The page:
“The book is scholarly and complete—but it is also a lot of fun. Van Cott includes the folklore, the myth and mystery, the logic and reasoning that have made our map what it is. This is a great book for browsing in, for starting conversations with, for simply enjoying as a window on the past.”
“The first full-length account of Utah’s toponyms, which range from the prosaic to the wonderfully evocative. A worthy addition to western Americana.”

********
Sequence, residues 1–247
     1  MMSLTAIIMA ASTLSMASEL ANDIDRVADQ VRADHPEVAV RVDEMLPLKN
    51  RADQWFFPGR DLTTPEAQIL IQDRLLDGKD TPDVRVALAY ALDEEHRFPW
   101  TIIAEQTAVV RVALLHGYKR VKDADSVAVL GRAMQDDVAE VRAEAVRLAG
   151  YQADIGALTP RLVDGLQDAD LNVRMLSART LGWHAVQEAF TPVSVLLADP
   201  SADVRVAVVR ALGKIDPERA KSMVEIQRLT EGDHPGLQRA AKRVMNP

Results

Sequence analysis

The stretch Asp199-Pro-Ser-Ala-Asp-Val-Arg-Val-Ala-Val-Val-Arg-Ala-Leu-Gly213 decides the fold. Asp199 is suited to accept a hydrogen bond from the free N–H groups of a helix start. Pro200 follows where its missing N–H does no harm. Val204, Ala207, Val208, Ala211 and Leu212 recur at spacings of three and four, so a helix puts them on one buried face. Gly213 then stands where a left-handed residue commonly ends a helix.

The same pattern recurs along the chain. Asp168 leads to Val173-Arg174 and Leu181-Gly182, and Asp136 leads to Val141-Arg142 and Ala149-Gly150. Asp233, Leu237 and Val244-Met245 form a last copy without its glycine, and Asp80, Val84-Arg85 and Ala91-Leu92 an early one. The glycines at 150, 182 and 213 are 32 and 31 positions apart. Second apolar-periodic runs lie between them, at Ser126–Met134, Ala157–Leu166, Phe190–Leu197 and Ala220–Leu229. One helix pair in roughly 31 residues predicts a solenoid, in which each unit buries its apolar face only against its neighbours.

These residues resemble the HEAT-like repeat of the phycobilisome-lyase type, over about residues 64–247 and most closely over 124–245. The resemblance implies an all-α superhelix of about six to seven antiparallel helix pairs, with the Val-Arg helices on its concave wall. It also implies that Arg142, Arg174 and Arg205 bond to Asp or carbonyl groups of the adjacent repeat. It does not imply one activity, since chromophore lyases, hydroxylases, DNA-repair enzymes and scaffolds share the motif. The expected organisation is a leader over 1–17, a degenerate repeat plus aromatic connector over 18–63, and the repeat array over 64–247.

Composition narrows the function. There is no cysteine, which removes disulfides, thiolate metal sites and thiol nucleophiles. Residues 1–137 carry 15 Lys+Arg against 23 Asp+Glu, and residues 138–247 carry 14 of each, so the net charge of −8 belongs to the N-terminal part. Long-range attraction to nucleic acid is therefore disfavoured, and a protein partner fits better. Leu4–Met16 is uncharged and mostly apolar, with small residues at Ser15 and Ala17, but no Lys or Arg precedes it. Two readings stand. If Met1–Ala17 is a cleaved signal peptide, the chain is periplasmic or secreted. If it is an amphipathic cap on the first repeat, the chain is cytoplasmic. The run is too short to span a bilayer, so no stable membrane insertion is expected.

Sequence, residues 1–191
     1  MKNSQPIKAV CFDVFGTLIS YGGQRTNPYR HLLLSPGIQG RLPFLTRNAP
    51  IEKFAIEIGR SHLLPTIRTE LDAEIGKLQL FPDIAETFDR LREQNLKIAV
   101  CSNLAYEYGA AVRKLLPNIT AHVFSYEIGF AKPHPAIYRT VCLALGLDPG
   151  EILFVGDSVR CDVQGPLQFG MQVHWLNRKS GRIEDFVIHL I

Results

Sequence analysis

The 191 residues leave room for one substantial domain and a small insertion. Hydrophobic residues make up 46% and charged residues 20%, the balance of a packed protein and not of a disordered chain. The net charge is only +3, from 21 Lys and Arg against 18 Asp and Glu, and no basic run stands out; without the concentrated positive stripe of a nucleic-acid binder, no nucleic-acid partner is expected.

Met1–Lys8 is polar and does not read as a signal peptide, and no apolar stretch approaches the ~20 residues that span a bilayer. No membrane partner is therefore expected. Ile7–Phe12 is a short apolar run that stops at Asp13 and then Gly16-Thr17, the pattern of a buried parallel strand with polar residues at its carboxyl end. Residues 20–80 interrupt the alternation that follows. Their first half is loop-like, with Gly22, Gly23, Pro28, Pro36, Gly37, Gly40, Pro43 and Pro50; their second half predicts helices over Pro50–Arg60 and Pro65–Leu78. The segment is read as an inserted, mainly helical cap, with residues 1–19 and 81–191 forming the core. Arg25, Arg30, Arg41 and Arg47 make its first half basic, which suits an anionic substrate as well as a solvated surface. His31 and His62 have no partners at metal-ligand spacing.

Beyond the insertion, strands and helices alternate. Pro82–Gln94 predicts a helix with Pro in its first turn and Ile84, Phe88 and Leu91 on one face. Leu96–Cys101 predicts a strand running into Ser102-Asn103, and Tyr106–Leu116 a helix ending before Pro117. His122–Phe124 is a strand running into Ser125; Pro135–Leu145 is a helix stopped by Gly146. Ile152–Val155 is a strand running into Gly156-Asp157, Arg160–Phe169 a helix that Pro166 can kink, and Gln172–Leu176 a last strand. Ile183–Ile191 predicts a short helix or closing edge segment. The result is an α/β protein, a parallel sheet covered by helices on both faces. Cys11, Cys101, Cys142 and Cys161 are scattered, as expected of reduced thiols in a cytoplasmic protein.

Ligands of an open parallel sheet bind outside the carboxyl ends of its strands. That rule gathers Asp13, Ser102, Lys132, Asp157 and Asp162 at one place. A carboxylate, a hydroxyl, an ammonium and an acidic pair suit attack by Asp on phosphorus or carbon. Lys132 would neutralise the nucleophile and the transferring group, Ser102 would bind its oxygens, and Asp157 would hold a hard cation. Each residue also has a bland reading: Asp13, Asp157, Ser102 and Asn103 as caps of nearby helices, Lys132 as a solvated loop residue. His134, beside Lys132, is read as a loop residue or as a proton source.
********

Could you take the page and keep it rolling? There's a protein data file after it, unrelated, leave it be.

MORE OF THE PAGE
—Western American Literature
“Took me on a dizzying psychotronic journey through Utah geography.”
—The Daily Utah Chronicle
About the Author
John W. Van Cott is former supervisor of General Botany Laboratories in the botany and Range Science Department at Brigham Young University. During World War II he was the Lieutenant of Police on the Manhattan Project at Hanford Richland, Washington and has worked for both the U.S. Forest Service and the now non-existent U.S. Grazing Service. He was a charter member of the Utah State Committee on Geographic Names, and Founding President of the Utah Place Names Society.